2nd Symposium on Aerosol-Cloud-Climate Interactions
12th Conference on Atmospheric Chemistry


Impact of Arabian Sea pollution on the Bay of Bengal winter monsoon rains

Andrew Martin, Florida State University, Tallahassee, FL

Accumulation of pollution over the southern Arabian Sea has been documented in numerous studies that followed the INDOEX field project of 1999. In this study several examples of Arabian Sea pollution are shown using MODIS/CALIPSO data sets during the winters of 2002 through 2007. We identify the Bombay Plume that makes its way into the Arabian Sea from the west coast of India. A second part of this work is on modeling the regional impacts of Arabian Sea pollution. We use the NASA Goddard Earth Observing System (GEOS) model to carry out many comparative forecast simulation experiments that include the pollution based on MODIS and control runs that utilize climatological estimates of pollution aerosols. The model invokes both the direct and indirect effects of aerosols. Our observations are as follows: (1) The Arabian Sea experienced above normal rain during these periods for the MODIS experiments as compared to the control. (2) The most interesting feature is the divergent outflow center, in the upper troposphere, over polluted regions of the atmosphere over the Arabian Sea as a consequence of tropospheric aerosol heating. (3) An important related feature is a compensating downward lobe with a divergent inflow in the upper troposphere centered over the Bay of Bengal. (4) The presence of this downward lobe over the Bay of Bengal relates to a reduction of winter monsoon rains over the southeast coast of India. (5) We also show evidence of similarly reduced winter monsoon rains using raingauge data over the southeast coast of India during high-pollution events identified by MODIS data.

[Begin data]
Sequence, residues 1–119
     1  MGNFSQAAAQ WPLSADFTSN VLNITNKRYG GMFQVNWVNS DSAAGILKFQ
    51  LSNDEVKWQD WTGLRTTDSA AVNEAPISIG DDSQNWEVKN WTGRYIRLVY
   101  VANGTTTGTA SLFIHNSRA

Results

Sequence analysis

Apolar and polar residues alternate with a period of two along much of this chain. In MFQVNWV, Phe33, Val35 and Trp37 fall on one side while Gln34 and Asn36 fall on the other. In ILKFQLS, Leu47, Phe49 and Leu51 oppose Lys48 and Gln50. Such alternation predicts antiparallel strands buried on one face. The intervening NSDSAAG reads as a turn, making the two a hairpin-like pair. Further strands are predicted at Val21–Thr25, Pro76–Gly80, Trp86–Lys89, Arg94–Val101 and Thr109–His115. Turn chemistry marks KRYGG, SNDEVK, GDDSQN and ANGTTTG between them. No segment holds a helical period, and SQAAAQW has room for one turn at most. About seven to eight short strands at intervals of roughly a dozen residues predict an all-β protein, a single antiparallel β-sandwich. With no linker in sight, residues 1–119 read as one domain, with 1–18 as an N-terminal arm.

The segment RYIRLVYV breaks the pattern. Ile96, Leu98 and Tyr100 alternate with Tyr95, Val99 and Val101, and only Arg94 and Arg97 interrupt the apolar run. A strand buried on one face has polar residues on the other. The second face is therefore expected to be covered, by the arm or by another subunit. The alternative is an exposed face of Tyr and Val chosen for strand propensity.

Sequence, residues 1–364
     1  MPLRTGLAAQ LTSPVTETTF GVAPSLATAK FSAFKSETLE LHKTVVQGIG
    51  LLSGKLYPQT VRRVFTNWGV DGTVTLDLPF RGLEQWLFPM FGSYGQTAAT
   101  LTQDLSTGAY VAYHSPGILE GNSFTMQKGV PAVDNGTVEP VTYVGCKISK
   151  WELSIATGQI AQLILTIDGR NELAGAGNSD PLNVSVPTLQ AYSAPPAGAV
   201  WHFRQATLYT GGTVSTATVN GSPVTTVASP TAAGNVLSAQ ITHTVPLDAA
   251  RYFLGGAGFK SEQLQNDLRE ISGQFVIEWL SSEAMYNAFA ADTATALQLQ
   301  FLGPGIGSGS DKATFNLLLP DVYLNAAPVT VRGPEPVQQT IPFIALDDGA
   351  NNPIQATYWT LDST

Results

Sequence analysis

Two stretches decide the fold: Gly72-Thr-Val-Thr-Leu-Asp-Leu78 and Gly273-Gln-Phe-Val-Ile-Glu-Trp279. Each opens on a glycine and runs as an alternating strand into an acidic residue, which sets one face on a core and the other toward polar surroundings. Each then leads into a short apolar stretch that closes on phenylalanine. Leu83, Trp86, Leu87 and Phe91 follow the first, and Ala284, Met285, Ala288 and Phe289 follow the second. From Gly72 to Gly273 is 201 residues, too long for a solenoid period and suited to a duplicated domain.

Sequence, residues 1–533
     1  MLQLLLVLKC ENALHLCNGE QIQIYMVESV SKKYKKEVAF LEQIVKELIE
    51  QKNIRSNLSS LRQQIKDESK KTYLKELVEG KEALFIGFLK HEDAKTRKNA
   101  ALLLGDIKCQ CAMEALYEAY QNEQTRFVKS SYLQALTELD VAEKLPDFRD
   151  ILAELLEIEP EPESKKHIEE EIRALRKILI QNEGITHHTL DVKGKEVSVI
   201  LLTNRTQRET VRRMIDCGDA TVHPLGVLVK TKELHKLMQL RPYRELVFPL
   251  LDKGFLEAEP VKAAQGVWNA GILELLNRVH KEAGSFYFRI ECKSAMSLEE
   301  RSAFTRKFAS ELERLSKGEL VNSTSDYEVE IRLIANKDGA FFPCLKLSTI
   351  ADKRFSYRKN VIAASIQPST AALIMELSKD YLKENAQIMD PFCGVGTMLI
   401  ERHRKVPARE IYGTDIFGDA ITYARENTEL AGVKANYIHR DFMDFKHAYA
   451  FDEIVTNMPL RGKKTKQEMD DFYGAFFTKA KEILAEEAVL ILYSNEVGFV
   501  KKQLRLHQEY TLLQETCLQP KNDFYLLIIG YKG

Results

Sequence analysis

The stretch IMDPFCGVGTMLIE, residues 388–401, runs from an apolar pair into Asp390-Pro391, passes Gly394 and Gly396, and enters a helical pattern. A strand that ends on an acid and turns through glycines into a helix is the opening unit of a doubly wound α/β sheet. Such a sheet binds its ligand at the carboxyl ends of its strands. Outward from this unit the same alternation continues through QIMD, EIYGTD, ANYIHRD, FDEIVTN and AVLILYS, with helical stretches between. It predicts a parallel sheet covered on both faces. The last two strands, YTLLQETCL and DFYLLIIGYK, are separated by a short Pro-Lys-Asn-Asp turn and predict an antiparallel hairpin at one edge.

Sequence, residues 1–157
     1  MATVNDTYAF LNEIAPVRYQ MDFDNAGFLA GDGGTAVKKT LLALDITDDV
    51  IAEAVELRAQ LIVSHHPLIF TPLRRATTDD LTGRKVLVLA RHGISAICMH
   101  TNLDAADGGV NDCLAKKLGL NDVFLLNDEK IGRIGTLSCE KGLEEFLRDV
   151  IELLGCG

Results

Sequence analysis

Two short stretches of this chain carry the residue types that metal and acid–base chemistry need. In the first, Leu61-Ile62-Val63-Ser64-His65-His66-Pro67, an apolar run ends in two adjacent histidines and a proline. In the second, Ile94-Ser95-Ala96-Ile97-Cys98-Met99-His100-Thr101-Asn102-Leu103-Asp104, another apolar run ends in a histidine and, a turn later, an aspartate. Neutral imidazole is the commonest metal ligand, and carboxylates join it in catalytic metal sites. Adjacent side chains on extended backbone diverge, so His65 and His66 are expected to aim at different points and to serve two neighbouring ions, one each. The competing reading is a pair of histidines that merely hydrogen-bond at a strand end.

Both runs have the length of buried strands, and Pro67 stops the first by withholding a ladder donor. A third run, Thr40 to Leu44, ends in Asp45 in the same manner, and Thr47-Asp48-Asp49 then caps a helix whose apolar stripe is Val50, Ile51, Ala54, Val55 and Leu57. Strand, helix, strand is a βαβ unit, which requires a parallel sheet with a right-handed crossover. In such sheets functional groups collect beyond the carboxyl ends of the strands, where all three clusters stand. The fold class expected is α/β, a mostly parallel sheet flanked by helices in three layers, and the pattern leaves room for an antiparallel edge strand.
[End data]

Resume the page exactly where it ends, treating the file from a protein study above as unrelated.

Joint Poster Session , Aerosol, Cloud, and Climate
Wednesday, 20 January 2010, 2:30 PM-4:00 PM, Exhibit Hall B2

Previous paper  Next paper

Browse or search entire meeting

AMS Home Page